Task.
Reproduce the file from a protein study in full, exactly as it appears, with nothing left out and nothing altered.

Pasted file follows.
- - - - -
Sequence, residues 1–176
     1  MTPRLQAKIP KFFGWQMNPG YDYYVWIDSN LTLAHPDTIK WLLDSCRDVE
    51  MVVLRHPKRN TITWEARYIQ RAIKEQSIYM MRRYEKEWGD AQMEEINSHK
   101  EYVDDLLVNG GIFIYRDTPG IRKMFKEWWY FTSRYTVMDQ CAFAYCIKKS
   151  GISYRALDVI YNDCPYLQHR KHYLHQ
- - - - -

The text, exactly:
Sequence, residues 1–176
     1  MTPRLQAKIP KFFGWQMNPG YDYYVWIDSN LTLAHPDTIK WLLDSCRDVE
    51  MVVLRHPKRN TITWEARYIQ RAIKEQSIYM MRRYEKEWGD AQMEEINSHK
   101  EYVDDLLVNG GIFIYRDTPG IRKMFKEWWY FTSRYTVMDQ CAFAYCIKKS
   151  GISYRALDVI YNDCPYLQHR KHYLHQ